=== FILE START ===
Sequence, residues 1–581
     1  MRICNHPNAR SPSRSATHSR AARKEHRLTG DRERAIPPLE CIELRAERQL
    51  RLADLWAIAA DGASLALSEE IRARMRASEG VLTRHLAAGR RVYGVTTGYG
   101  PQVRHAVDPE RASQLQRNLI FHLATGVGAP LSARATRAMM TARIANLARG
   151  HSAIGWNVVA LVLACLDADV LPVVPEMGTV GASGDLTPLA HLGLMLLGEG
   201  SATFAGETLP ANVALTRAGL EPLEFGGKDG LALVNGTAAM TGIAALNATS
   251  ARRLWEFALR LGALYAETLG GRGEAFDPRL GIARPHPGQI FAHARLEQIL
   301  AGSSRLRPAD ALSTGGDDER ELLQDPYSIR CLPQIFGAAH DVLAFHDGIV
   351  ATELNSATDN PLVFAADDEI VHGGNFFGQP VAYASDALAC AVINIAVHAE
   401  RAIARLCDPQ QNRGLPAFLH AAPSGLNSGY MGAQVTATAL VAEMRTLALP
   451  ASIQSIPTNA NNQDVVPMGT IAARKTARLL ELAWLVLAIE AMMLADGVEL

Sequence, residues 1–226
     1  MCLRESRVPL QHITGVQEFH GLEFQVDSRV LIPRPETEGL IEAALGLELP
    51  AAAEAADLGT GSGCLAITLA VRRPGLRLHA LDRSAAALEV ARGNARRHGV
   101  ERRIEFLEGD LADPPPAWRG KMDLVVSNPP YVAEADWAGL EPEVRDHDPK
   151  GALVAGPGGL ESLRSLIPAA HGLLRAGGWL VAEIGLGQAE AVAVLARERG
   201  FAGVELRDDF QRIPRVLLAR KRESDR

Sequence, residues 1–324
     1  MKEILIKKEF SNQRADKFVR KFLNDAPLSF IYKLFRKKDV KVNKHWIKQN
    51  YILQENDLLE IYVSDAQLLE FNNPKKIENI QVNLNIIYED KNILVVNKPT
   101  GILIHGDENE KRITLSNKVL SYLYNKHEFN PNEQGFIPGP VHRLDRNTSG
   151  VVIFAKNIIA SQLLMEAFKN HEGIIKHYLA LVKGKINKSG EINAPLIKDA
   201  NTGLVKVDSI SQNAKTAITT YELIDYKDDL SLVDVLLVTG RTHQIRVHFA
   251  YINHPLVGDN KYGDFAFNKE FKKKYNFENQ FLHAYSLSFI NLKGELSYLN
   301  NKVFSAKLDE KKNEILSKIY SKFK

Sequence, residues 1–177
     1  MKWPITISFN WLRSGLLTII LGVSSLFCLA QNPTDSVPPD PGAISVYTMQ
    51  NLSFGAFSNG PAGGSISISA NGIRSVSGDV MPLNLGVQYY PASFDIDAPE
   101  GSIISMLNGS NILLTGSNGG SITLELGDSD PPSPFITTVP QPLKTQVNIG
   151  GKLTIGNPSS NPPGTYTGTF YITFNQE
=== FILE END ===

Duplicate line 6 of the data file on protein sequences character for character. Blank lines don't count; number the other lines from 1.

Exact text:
   201  SATFAGETLP ANVALTRAGL EPLEFGGKDG LALVNGTAAM TGIAALNATS